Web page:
Shipping module or interface

While the transfer to the external marketplaces is mainly about data, it is the task of the shipping interface to ensure the transfer of finished packages to the shipping service provider (carrier). The shipping interface organizes a two-way exchange of data: the carrier is sent the package data and a shipping item is created in this way. The carrier sends data back to the online store, which is needed to create the shipping label and to track the shipment. If several carriers are used – as is usual with large online stores – several shipping modules must also be integrated. However, large companies can also use standardized interfaces that allow multiple carriers to be used.

Payment interface

Before sending a parcel, you should make sure that the customers will pay for the goods. Since payment in the online store is at least as complex as the data transfer to the shipping department, separate interfaces are also used for payment. Due to the diversity of payment solutions such as Paypal, credit card, direct debit, purchase on account or instant transfer, a number of individual solutions are conceivable for payment. However, payment service providers that offer a wide range of payment methods with one interface have become established. These service providers are also more likely to be able to comply with regulatory requirements, such as data protection.

The process of payment is similar to the transfer of parcel data to the shipping service provider. After the customer has selected a payment method, the transaction data is transferred to the payment service provider. The latter organizes the payment on the appropriate platform, which returns the information on the success of the payment to the store. The transaction can then be completed and the package shipped.

Interface to accounting or ERP

It is not far from the payment to the accounting system. This must post outgoing or customer invoices for all transactions. The interface to the accounting system enables the transfer of address, order, article, tax and payment data to the individual transaction. If the accounting system is integrated into an ERP system, an interface between the ERP system and the online store is required. Alternatively, there are ERP systems that have integrated online store and merchandise management.

Customer Relationship Management (CRM)

In a market situation where long-term customer relationships are essential for profitability in e-commerce, effective CRM is essential. This involves adding transaction data to other customer data, provided customers have given their consent for the data to be used. The simplest form of CRM is the customer database in the online shop system. When customers register a customer account and place an order as part of the registration process, data on individual transactions is recorded. This data can also be used to determine the central control parameter of customer lifetime value.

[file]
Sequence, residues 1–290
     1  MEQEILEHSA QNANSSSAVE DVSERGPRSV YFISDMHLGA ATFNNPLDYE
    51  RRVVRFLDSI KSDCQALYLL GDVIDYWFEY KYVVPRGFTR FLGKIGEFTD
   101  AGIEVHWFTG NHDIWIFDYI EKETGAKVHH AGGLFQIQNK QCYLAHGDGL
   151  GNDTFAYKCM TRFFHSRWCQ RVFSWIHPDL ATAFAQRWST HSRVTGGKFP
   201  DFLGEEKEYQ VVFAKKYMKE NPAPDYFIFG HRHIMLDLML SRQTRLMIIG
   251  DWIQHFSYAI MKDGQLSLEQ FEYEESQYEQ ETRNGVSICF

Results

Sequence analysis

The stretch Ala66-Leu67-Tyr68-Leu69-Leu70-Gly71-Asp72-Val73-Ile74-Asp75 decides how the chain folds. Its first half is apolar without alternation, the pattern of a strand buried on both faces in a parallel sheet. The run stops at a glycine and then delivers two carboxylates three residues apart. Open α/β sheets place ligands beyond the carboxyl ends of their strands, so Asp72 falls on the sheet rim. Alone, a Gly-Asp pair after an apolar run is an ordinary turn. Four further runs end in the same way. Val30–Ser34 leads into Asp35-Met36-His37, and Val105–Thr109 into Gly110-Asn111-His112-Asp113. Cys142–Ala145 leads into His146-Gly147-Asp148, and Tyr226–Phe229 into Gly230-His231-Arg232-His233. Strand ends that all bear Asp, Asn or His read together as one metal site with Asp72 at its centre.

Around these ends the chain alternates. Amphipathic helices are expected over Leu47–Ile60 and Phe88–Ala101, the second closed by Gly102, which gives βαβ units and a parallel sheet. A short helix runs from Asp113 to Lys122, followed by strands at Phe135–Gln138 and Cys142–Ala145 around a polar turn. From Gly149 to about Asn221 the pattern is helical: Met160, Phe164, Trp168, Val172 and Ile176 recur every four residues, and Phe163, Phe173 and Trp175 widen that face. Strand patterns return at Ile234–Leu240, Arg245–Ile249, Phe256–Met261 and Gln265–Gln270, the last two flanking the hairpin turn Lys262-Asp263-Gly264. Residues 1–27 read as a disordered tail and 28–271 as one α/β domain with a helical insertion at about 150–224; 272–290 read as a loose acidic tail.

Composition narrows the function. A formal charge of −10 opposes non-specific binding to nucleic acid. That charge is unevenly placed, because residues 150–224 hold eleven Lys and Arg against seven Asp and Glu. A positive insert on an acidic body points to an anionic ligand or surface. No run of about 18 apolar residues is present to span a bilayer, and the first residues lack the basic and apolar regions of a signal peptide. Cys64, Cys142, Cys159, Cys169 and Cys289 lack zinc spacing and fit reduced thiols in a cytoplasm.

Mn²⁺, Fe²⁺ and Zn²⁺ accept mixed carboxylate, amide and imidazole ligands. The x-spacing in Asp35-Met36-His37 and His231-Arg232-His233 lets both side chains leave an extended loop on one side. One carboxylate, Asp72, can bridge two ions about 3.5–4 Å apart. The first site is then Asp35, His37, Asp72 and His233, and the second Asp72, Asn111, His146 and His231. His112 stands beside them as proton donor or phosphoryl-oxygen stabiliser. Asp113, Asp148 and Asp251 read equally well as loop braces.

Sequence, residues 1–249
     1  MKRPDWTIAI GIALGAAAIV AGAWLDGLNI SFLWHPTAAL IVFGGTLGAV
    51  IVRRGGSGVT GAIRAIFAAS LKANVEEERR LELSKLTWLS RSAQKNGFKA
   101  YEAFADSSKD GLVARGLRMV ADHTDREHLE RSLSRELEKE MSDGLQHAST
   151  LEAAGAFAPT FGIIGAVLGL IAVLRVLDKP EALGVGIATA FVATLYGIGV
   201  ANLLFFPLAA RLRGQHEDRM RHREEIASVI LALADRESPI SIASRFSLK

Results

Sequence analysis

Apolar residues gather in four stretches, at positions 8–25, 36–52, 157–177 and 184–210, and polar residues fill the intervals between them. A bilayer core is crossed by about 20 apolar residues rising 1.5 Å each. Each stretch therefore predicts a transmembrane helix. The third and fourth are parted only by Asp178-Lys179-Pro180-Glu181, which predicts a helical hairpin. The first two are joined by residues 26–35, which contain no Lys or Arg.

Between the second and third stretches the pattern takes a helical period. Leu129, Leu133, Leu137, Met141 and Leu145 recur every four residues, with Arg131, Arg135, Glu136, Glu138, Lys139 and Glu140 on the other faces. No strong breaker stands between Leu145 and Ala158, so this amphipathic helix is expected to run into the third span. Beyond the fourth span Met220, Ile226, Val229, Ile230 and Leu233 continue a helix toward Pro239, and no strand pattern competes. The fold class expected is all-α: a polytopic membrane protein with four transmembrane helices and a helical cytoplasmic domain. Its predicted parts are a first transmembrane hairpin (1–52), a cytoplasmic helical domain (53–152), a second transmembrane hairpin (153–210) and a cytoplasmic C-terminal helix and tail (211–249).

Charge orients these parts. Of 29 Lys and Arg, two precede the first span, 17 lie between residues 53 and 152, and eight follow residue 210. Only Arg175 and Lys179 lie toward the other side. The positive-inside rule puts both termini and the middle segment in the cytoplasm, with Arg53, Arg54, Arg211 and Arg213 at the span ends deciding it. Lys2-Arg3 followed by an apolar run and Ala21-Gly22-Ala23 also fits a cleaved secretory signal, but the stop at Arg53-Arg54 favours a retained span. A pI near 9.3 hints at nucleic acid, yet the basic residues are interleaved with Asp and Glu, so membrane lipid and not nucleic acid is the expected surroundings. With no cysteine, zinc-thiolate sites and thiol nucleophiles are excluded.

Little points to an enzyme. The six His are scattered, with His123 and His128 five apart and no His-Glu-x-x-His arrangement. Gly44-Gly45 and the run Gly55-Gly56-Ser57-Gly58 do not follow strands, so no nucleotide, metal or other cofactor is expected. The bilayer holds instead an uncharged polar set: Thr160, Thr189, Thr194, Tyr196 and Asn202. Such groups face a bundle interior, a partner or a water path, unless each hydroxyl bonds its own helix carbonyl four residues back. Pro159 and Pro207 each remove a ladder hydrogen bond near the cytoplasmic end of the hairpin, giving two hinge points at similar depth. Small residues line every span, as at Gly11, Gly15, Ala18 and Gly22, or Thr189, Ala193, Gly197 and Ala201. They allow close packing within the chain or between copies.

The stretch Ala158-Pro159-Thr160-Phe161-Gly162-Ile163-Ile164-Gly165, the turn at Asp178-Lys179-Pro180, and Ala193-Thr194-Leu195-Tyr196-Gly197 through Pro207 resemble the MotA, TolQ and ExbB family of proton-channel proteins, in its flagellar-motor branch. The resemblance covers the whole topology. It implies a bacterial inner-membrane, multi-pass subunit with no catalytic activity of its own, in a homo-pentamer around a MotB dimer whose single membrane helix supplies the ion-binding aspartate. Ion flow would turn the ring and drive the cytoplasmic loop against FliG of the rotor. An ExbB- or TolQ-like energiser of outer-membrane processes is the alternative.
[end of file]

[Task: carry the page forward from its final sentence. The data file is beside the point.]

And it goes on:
Product Information Management (PIM)

Comprehensive and high-quality product information is a key success factor in e-commerce software. This is created and administered within the framework of the PIM. Especially when product information is needed for many platforms, a PIM that is smoothly integrated into the e-commerce system landscape is a central asset of the online store.

Content Management System (CMS)

In addition to data on individual products, all professionally operated online stores offer a wealth of other information, including not only text but also photos and video material. This data is created, managed and, above all, optimized within the framework of a CMS.

Online marketing

In online marketing, store pages are addressed as landing pages to motivate users to visit specific pages. However, marketing measures in the store such as banners, coupons or discounts must also be administered. In smaller online stores these functions are integrated in the store system, in larger stores there may well be independent modules for online marketing.

Analytics and Business Intelligence (BI)

A key advantage of e-commerce is the ability to immediately and continuously measure the success and failure of operational measures. This task is performed by analytics tools. The preparation and presentation of the results of the analyses is carried out in business intelligence solutions, which provide holistic and always up-to-date reports, dashboards or even interactive maps. The connection of the online store with an analytics solution is essentially done via tracking codes, which can be used to measure the call-up of individual pages by the analytics tool. An interface between the analytics tool and the BI tool then provides up-to-date data for managing the store, but also for making strategic decisions.

Text and graphics: Dominik Große Holtforth